After the 2005 Cedar Revolution and the withdrawal of the Syrian troops from Lebanon, Hezbollah’s killing machine picked pace and moved against the March 14 camp political leadership, when a series of assassinations of political leaders and public figures took place until they felt comfortable again and ready to take over the Lebanese political scene. This happened in 2008 with the Doha Accord, ending the May 7 events when Hezbollah used their arms for the first time against the Lebanese people. 

Since 2008, they kept killing but with a slower pace and with a more targeted approach, such as the assassination of head of ISF Information Branch Wissam al-Hassan in 2011.  Yet, slowly but surely, the stronger Hezbollah’s grip over Lebanon became, the less killing they had to do. The more comfortable they felt with their authority and power, the less urgent it became to turn on the killing machine. 

So why restart it now? Why kill Slim at this point and what do we expect moving forward?

Hezbollah’s Uncertainties 

Slim might be the first in this new wave of assassinations, but not necessarily the last. Hezbollah seems to have felt the urge to kill again because they are feeling less comfortable, and certainly less in control of the Lebanese street. By assassinating Lokma, Hezbollah would be going back to the eighties where targeting Shia leaders was the objectives. 

Hezbollah feels that they no longer in control of the Shia community, which has bravely showed signs of discontent, despite the threats and intimidation against Shia activists. The resistance rhetoric no longer works, as they turned their weapons against Lebanese and other Arabs in the region, from Lebanon to Syria, Iraq and Yemen.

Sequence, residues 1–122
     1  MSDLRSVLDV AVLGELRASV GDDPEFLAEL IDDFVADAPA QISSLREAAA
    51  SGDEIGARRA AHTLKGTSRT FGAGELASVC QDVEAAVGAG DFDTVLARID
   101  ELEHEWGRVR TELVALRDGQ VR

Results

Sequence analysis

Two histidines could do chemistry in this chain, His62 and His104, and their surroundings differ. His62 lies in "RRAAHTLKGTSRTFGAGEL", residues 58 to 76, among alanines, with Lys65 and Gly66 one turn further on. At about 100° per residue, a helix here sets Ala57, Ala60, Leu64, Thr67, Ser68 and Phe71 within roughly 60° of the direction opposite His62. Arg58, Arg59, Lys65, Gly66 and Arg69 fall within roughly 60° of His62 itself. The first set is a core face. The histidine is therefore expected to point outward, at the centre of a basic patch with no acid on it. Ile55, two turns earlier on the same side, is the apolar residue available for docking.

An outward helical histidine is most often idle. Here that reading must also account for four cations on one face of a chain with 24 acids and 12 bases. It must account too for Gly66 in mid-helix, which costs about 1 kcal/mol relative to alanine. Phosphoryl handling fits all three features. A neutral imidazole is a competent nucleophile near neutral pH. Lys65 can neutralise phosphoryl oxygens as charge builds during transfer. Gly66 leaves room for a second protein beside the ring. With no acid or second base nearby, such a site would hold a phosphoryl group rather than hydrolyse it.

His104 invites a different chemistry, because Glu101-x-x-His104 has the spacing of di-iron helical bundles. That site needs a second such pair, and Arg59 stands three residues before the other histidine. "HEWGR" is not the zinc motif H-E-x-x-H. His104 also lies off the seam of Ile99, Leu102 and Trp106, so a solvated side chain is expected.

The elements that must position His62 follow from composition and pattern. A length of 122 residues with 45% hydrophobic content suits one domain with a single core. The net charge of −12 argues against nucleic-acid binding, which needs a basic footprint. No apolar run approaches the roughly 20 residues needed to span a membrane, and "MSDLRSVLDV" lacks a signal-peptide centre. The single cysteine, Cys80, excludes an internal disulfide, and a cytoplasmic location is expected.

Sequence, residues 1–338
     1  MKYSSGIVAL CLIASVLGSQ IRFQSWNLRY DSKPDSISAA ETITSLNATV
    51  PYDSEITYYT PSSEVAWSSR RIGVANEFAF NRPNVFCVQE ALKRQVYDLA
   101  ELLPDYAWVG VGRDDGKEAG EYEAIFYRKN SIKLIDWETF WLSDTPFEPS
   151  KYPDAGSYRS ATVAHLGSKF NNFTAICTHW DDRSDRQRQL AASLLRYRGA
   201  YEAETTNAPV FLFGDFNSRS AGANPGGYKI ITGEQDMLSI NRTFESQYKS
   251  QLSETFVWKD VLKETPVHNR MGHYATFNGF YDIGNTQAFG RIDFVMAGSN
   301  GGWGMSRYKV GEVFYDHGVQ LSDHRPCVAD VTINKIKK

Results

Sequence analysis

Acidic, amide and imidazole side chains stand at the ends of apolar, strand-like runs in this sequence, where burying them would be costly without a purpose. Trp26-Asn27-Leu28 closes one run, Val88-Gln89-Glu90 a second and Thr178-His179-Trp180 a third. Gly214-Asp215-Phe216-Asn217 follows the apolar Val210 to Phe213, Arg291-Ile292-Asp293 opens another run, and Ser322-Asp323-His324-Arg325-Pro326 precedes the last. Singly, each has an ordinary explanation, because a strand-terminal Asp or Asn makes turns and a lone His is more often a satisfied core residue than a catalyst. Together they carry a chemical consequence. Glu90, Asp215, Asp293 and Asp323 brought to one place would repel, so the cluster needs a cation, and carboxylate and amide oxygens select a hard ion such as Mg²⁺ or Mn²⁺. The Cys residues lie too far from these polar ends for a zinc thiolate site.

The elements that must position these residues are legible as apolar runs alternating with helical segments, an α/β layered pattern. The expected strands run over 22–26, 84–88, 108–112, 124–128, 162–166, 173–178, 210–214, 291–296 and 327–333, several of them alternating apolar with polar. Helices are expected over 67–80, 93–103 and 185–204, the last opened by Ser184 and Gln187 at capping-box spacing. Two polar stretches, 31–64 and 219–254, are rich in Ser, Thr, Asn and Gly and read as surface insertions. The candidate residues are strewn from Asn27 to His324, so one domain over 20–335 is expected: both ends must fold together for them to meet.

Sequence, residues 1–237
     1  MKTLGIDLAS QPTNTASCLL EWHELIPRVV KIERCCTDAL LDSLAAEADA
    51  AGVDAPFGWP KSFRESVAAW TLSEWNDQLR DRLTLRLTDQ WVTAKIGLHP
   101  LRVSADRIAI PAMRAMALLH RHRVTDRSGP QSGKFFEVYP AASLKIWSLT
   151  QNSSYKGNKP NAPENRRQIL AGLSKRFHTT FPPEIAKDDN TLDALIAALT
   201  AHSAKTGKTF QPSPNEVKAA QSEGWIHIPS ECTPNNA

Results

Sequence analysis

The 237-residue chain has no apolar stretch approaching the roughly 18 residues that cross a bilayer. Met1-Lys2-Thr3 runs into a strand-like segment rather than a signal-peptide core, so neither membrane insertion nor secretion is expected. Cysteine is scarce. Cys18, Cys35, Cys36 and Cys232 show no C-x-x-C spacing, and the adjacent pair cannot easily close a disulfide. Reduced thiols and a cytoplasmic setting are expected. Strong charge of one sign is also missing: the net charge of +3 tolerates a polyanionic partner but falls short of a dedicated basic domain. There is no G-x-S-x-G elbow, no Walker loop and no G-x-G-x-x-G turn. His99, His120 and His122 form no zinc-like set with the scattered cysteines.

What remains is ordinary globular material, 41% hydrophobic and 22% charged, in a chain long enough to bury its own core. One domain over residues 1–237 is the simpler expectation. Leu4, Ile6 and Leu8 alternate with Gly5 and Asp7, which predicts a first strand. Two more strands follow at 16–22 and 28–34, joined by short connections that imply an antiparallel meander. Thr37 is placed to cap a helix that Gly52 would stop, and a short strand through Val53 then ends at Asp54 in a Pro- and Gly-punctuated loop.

Hezbollah’s protection of corrupt politicians no longer works, as the Lebanese have finally realized the repercussions of this approach on their personal lives – that is when they can no longer access their bank accounts, lost their jobs, and are waiting for the final financial collapse. Hezbollah’s justifications no longer work as well. The Lebanese people, including the majority of the Shia, do not prioritize Hezbollah’s rhetoric anymore. All they want is to live. 

With many Shia showing restlessness and frustration, Hezbollah felt threatened. Without the necessary funds to cater for the people’s needs, the group cannot satisfy their fears and concerns. Therefore, it was time to impose fear, and they turned on their killing machine against one of the main and most influential Shia leaders and intellectuals in Lebanon: Lokman Slim. 

However, Slim’s assassination might very well be the first in a series of anti-Hezbollah activists, mainly those who have a certain influence over the Shia community. There are many who are working behind the scenes, and many who continue to be vocal and determined. But fear might eventually slip through the layers of threats and public shaming. Hezbollah’s media have already started the public shaming campaign and their threats increased in a shameless manner. 

In any case, Hezbollah cannot easily turn down the Shia discontent by means of assassination. And it is not something they can walk back from without seriously addressing its roots and depths. But as they fail to do so, they do what they usually do – they kill. Meanwhile, the Shia discontent will only grow. It might not get loud because of the fear instilled by the killing machine, but it will not go away. Slim’s assassination will make sure of that. 

As the world watches the US diplomatic efforts towards Iran and the development of the nuclear program negotiations, Hezbollah resorts to killing. It might be an opportunity for the world to alsoremember that like Hezbollah, the regime in Iran also has its own killing machine, which is still killing across the region, despite all efforts and soft diplomacy. 

Hanin Ghaddar is the Friedmann Fellow at The Washington Institute’s Geduld Program on Arab Politics, where she focuses on Shia politics throughout the Levant.